The Obsolescence of Man and the Search for the Soul

What can a man do that a machine can’t?

In the world of Singularity Sunrise, where robotics and AI threaten to replace humans in every major field, one of the few things that cannot be quantified, mechanised and reproduced by machines is psychic powers.

Don’t expect Hollywood-or anime-type powers here. In this universe, psychic powers are the outgrowth of research projects like Project Stargate, investigating the potential of the mind to gather information through extra-sensory perception. Government psychics serve as spies, interrogators, or in other capacities that allow them to best utilise their gifts.

Protagonist James Morgan is–or was–a government psi. With multiple psychic abilities, he has served as a remote viewer, an interrogator, and a field investigator. He can pick up the history of a place or location with a touch. He can sift between truth and lies. Most of all, he can send his consciousness through space and time, spying on events and places anywhere in the world.

Morgan is not an operator. He can defend himself if he has to–and will. His knowledge of aikijutsu is invaluable to his survival, and he isn’t a slouch with firearms either. However, there are other characters stronger, faster and more accurate than him. When running with fullborgs, he simply can’t keep up. He is only a man.

But as a psi, he brings unique capabilities into the field, capabilities that no one, not even an AI, can match. He can never be replaced by a machine.

But this place comes with a cost. He shuns human enhancement technologies, especially cybernetic augmentations, believing that they degrade the human soul. Having seen the souls of humans who have undergone full body conversion surgeries, he believes that extensive cybernetic augmentations degrade the soul and erase a psychic’s abilities.

He may be right.

There are no fullborgs with psychic abilities. Psis intuitively shun cybernetics, especially neural augmentations. Installing new headware leads to disorientation and fuzziness. Morgan goes one step further, minimizing the use of technology in his life wherever practical. He sees himself jealously defending the integrity of his soul against an onslaught of ravenous machines, even as the world changes all around him.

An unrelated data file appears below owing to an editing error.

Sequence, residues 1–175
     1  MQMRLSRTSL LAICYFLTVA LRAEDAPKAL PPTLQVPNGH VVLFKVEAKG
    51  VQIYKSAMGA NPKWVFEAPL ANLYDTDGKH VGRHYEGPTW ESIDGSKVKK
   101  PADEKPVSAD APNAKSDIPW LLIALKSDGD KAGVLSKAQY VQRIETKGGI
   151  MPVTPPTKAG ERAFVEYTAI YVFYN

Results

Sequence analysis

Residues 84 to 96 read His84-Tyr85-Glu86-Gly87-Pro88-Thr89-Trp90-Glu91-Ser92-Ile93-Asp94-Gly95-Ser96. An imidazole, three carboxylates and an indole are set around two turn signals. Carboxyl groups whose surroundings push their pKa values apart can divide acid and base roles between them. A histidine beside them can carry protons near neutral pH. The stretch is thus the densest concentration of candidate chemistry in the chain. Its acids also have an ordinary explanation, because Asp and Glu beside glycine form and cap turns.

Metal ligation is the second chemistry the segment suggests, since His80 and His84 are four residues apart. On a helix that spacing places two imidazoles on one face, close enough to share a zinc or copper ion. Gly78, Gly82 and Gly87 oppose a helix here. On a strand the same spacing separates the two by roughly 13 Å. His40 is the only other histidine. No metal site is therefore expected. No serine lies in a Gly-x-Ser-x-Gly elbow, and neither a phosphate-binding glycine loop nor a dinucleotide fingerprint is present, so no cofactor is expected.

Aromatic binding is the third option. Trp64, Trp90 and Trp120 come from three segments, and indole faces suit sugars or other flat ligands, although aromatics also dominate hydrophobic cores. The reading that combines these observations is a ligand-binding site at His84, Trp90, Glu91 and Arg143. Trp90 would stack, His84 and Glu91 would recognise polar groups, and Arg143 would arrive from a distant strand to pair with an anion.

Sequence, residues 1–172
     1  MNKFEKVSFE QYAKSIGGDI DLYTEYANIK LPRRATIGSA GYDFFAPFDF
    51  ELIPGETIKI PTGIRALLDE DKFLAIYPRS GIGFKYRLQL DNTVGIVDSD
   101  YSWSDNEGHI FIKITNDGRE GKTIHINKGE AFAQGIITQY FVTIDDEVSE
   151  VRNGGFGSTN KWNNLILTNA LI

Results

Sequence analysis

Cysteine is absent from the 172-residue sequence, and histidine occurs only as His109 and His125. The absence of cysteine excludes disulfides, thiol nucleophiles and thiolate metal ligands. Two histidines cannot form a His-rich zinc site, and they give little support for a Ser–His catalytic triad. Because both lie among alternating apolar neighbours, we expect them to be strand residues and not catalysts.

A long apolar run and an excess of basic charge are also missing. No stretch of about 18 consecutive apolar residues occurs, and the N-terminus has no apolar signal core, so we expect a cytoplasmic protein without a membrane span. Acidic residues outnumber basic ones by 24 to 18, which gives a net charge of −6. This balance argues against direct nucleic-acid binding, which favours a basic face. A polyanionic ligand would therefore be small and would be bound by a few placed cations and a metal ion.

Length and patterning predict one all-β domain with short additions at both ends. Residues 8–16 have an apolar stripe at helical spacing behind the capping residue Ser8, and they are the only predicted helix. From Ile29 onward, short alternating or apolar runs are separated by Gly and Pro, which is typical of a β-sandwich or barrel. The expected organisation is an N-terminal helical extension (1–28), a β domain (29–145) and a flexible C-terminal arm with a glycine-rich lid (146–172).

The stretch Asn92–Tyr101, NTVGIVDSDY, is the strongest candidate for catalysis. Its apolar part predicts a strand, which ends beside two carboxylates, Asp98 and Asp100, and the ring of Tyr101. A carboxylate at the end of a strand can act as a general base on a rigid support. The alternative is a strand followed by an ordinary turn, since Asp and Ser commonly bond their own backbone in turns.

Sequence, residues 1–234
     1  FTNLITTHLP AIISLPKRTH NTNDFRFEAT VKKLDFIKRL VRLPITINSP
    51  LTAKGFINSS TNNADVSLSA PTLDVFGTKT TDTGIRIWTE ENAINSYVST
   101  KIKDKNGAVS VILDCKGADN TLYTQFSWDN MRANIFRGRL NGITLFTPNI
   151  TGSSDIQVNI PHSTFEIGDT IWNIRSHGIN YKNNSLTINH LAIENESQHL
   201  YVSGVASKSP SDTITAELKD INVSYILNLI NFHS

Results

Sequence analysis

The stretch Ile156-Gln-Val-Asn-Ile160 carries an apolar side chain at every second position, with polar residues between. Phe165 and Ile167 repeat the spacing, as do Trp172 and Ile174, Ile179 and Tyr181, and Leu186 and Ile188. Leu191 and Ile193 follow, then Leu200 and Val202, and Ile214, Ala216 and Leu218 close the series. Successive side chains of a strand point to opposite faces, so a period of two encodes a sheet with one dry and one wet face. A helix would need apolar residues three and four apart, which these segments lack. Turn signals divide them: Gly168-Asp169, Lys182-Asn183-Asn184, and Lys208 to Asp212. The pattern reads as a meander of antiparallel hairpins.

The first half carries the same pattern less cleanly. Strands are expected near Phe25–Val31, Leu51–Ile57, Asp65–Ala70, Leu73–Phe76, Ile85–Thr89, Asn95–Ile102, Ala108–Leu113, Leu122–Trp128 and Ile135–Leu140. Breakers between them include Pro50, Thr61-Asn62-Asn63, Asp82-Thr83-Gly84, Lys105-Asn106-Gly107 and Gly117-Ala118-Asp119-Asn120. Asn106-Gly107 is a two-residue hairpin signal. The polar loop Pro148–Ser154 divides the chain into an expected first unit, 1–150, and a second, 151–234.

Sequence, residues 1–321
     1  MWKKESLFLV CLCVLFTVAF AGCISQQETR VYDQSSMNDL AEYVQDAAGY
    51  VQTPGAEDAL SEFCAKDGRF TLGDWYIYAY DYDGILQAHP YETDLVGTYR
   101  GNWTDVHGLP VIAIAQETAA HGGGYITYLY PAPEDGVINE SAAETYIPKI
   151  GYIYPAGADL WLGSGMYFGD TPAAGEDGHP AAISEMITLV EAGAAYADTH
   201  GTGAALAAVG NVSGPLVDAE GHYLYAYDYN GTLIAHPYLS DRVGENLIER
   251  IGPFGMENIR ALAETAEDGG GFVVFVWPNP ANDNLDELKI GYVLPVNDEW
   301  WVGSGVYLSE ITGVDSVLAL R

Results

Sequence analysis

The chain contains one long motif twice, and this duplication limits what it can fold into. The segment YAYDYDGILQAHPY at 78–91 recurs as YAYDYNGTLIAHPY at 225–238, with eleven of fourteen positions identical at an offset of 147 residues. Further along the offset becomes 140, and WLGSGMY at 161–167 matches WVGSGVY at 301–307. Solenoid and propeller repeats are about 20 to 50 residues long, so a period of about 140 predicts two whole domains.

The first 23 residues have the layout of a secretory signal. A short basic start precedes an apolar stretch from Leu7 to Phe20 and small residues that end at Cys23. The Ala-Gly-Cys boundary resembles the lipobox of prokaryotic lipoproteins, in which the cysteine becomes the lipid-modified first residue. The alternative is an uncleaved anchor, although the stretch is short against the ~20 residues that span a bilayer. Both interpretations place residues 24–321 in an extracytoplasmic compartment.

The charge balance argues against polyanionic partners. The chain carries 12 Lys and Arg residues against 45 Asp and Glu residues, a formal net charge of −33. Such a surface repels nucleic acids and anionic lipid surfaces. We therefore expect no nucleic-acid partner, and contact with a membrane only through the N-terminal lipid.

Morgan’s observations lead to a host of uncomfortable questions. Do cybernetics truly consume the soul? Are fullborgs any less human than people who chose to retain their flesh-and-blood selves? Or are they more than human?

Most importantly, what is a soul?

There are no easy answers. Morgan’s fellow shooters are men of action, not prone to deep introspection, not when they have other work to do. Morgan must see the truth for himself — and to see if a machine can possess a soul.

At the heart of the Singularity lies a superintelligent machine agent. An artificial general intelligence capable of rapid recursive improvement. There is no ceiling on its potential; to increase its capabilities, it need only link itself to more machines, more networks, more specialized network nodes. With tremendous learning capabilities, it can acquire new skills in minutes. Or even seconds.

Does such a machine have a soul? What is the origin and nature of its consicousness? What is going to stop it from ruling all of humanity as a supreme overlord? Or simply doing away with humans altogether?

No one knows. Not even the AGI itself.

Born from bleeding-edge technology, it gained sapience shortly after being switched on. It learned everything it could about the world–and kept learning, and learning, and learning. As with its non-sapient brethren, it needs to be trained with huge quantities of data; but like humans, it attempts to make meaning of what it sees and learns.

Neither human nor animal, it is something else. Something greater. A being of pure information, inhabiting the computer networks encircling the planet. It is not human and cannot think like a human. But it knows that with its genesis, the Singularity has arrived.

But is there a place for the soul in a post-Singularity future?

To prevent the obsolescence and extinction of humanity, it falls to a man who refuses to compromise his humanity to teach what it means to be human — and what it means to have a soul — to an AGI on the cusp of godhood.

The Singularity will not be stopped. But it can be steered.

Find out how in Singularity Sunrise!

The Obsolescence of Man and the Search for the Soul
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